Archaeology and the New Testament

  • The New Testament mentions specific individuals, places, and various official titles of local authorities, confirmed by recent archeology. Luke sites exact titles of officials. (Titles varied from city to city so they are easily checked for accuracy.) Lysanias the Tetrarch in Abilene (Luke 3:1)—verified by inscription dated 14-29 A.D. Erastus, city treasurer of Corinth (Romans 16:23)—verified by pavement inscription. Gallio—proconsul of Achaia (Greece) in A.D. 51 (Acts 18:12). Politarchs ("city ruler") in Thessalonica (Acts 17:6). Chief Man of the Island on Malta (Acts 28:7). Stone Pavement at Pilate's headquarters (John 19:13)—discovered recently. Pool at Bethesda— discovered in 1888. Many examples of silver shrines to Artemis found (Acts 19:28). Inscription confirms the title of the city as "Temple Warden of Artemis". Account of Paul's sea voyage in Acts is "one of the most instructive documents for the knowledge of ancient seamanship."

  • Census of Luke 1. Census began under Augustus approximately every 14 years: 23-22 B.C., 9-8 B.C., 6 A.D. There is evidence of enrollment in 11-8 B.C. in Egyptian papyri.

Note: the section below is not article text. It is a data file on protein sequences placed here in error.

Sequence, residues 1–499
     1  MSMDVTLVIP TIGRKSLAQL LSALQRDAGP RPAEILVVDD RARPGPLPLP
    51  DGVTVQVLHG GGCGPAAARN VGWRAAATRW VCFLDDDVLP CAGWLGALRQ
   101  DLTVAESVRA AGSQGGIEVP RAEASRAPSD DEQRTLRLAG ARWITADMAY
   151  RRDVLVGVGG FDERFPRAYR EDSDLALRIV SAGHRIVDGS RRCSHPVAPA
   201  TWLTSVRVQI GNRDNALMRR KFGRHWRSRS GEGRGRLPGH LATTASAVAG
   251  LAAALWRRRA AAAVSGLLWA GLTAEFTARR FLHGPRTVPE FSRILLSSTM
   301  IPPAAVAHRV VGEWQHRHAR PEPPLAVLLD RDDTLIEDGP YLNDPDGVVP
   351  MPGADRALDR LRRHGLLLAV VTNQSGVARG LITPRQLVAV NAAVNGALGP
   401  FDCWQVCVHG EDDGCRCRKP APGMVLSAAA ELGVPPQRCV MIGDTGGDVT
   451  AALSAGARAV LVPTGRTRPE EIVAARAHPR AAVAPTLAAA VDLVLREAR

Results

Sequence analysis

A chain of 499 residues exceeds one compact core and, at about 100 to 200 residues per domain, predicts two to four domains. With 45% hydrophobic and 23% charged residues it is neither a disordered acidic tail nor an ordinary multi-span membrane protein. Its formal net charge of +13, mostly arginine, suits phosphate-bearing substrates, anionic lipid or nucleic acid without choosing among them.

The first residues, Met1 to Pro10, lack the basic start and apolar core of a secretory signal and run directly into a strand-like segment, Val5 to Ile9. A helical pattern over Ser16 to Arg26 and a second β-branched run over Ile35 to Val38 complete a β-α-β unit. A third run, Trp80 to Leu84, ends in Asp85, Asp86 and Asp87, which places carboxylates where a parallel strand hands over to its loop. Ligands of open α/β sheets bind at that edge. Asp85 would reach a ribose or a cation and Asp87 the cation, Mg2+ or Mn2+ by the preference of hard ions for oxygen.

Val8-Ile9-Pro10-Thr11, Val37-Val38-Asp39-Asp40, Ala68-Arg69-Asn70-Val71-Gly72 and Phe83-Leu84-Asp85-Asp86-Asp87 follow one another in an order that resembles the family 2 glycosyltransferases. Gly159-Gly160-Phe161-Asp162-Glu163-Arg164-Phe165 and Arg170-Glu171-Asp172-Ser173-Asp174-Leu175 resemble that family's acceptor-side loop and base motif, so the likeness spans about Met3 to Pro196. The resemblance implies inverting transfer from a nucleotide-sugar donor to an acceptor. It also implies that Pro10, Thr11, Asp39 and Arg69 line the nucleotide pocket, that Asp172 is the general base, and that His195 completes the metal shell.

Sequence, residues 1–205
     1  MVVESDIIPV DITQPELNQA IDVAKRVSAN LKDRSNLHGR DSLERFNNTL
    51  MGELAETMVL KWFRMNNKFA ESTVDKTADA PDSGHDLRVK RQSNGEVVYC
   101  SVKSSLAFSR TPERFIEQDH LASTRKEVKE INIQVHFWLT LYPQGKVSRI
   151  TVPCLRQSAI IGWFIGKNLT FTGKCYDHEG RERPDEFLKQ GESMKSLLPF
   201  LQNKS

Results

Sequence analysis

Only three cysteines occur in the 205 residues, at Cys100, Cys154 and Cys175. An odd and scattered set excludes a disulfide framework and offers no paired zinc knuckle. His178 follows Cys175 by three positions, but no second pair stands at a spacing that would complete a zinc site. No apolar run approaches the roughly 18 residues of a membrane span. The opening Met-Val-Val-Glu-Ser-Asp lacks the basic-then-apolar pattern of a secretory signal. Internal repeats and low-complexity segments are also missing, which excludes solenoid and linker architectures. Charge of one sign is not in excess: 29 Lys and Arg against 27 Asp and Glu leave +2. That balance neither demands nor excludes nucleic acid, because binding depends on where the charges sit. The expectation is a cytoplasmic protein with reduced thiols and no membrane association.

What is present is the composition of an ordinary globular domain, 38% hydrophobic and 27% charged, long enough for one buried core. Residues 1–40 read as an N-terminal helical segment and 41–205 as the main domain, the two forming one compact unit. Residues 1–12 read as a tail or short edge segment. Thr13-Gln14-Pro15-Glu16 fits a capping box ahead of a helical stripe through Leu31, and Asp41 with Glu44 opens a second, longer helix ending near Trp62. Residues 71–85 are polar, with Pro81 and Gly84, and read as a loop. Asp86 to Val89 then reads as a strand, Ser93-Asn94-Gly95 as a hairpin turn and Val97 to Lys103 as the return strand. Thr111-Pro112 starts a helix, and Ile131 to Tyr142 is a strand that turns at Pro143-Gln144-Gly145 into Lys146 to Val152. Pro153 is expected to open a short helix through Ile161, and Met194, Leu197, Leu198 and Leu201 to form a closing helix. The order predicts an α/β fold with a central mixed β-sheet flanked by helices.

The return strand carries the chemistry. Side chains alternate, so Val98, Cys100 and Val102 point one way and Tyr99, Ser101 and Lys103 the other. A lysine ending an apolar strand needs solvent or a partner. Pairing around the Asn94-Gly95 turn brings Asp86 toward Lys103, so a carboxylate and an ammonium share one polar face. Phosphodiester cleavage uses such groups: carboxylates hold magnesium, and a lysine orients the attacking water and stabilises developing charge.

• Problem: Historian Josephus puts Quirinius as governor in Syria at 6 A.D. Solution: Recent inscription confirms that Quirinius served as governor in 7 B. C. (in extraordinary, military capacity).

    • Problem: Herod's kingdom was not part of the Roman Empire at the time, so there would not have been a census. Solution: it was a client kingdom. Augustus treated Herod as subject (Josephus). Parallel—a census took place in the client kingdom of Antiochus in eastern Asia Minor under Tiberius.

    • Enrollment in hometown? Confirmed by edict of Vibius Maximus, Roman prefect of Egypt, in 104 A.D. " is necessary for all who are for any cause whatsoever way from their administrative divisions to return home to comply with the customary ordinance of enrollment."